One of my roles is the Associate Director of Coaching at Duke for Graduate Medical Education.  It was an honor to join in about five years after it was started.  The foundation was a 1:1 coaching program where volunteer faculty were trained in coaching skills and paired with a resident physician in a longitudinal relationship. With the addition of myself and another physician coach, the program has expanded to provide group professional development coaching to chief residents, fellows, and groups of residents who are participating in the program. There is an evolving curriculum of topics available to explore.

What lessons have you learned?

In my almost 2 years in the program we have tried different strategies and have learned several things along the way. One, ask the physicians what would be most valuable for them rather than assuming what they might want to have coaching on.  We have adjusted our curriculum along the way.  Also, there are times to consider “opting in” vs “opting out”.   And lastly, keep it simple so there is time for reflection and for discussion.  One of our goals with group coaching is to help them work better as both an individual and as a team.  Giving them a safe place to explore these topics together facilitates this.

What tips can you share with those interested in bringing coaching into their training programs?

Tips: 1- Decide if you want internal vs external coaches.  Which will give you what you want for buy-in, safety, and cost? 2- Decide if you want to coach only the in-training physicians or also the faculty.  By training both, you can speed that culture change I alluded to earlier. 3- Determine how much you are willing to invest in a program that can have a powerful impact. 4- How will you prove that impact? And 5- Explore different funding strategies.

What other things can you share with my readers regarding finding joy in life as a physician in our current circumstances?

Ohh- what a great open-ended question! How do you find joy in life as a physician in our current circumstances?  Everyone has different circumstances and thoughts and feelings about these circumstances.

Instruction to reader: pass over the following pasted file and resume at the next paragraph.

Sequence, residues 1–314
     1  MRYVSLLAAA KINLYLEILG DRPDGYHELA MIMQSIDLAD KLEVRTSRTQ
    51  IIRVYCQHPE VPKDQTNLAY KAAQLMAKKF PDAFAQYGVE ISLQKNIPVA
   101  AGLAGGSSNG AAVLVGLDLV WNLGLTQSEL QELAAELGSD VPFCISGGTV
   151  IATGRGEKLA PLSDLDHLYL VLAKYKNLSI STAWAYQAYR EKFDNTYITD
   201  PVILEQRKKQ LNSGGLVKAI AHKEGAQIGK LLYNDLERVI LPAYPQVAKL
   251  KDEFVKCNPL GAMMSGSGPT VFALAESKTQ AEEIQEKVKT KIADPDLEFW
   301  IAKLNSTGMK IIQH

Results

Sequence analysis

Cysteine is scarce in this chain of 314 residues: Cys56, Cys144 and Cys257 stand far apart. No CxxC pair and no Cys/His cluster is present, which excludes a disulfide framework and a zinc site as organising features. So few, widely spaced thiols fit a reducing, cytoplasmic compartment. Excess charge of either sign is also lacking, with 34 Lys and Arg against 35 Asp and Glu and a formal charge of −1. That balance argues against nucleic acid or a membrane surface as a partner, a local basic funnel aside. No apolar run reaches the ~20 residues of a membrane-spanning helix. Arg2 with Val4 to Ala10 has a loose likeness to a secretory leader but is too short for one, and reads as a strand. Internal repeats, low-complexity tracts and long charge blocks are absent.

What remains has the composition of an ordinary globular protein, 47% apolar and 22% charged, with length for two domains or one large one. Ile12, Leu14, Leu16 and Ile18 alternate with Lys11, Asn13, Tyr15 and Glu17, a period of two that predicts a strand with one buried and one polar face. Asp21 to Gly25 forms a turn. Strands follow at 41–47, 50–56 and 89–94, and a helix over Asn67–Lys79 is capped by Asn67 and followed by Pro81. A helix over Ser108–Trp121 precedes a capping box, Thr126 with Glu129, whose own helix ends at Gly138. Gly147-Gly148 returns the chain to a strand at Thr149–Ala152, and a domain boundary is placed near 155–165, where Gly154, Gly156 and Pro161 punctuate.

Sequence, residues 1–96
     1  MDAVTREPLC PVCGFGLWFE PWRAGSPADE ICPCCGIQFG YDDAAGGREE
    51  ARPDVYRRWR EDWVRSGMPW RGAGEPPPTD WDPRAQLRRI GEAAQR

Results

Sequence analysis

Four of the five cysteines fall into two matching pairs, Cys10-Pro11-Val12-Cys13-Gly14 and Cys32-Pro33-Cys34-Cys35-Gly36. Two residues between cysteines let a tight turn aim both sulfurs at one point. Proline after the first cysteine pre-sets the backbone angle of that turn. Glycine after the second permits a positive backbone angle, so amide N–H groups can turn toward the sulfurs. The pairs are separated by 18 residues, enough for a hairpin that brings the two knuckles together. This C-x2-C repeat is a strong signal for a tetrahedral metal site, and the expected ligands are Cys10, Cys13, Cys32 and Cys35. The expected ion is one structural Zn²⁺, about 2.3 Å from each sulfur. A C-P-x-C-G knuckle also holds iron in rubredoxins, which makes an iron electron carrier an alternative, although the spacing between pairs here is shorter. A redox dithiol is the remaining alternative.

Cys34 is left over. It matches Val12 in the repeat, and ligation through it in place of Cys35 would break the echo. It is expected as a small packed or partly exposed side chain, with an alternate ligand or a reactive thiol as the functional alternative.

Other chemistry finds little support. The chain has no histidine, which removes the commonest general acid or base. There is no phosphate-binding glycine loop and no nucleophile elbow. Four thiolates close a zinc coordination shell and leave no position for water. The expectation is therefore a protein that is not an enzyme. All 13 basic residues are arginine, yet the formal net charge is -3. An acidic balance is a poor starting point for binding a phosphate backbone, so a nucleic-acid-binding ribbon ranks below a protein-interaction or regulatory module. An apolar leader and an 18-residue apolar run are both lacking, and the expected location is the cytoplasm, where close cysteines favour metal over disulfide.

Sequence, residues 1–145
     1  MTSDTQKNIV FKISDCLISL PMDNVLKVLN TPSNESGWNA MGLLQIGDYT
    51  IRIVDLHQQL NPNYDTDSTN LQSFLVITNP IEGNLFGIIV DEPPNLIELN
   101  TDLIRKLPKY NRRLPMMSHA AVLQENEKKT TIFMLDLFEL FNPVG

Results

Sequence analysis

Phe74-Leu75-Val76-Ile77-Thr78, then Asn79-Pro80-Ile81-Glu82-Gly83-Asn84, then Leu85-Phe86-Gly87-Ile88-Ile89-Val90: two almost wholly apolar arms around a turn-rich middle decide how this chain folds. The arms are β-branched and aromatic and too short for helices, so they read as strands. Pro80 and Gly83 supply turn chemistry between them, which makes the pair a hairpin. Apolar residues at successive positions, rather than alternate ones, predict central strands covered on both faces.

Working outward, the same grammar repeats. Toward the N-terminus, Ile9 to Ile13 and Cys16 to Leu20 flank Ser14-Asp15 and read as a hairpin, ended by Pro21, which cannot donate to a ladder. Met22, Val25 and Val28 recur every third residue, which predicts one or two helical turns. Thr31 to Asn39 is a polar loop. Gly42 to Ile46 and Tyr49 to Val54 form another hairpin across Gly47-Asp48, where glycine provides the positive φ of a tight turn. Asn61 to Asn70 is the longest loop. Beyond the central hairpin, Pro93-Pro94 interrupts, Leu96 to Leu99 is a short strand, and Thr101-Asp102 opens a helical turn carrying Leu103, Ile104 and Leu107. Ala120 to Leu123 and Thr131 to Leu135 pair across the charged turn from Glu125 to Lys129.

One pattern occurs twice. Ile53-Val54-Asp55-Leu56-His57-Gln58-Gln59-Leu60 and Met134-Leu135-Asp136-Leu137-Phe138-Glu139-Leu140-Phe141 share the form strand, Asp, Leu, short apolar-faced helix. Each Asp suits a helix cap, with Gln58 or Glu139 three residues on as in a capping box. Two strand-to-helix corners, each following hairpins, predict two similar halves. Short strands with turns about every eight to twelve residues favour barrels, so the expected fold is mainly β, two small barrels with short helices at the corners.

I have found personally that being able to go back to my “why” to clarify my priorities has helped me shape my path.  For me, I needed to build confidence in my strengths and change my expectations of myself and others to see my world in a different light.  I decided that I did not have to do it all right now. Instead, I could see that there are different seasons of my life and because of that, I could make decisions about what was important right now and I could be more ok with saying “No, not yet.”

Anything else you’d like to share? 

In addition to doctoring and coaching, I have rekindled a childhood interest in writing and sharing.

I have become enamored with the concept of narrative medicine, and after doing workshops and having several personal experiences, I have co-created an opportunity to share this with others.  Along with two ACP colleagues, I started the Writers’ Wellness Workshop to invite others to explore story and narrative medicine. We meet at 8pm eastern on the first Wednesday of the month.  If you would like to join us, please email [email protected] for the recurring zoom link.  We would love to have medical students and physicians come.

As part of my exploration of creativity during the pandemic, I became for a short time a co-host of an established podcast.  In the fall of September 2021, 3 other female ACP physicians and I started the ResetMD podcast to have well-being conversations with physicians. Thank you, Tonya, for being a recent guest to share your story and what has worked for your well-being. We just crossed the 100-episode mark! We would love to have you listen in.  If you would like to be a guest, contact us at [email protected]


Please tell our readers how they can find you. 

 I hope your wheels are spinning about how to uplevel your residency program's coaching support. 

Have a joy-filled week!  Tonya

Learn more about my hybrid coaching program for family medicine residencies.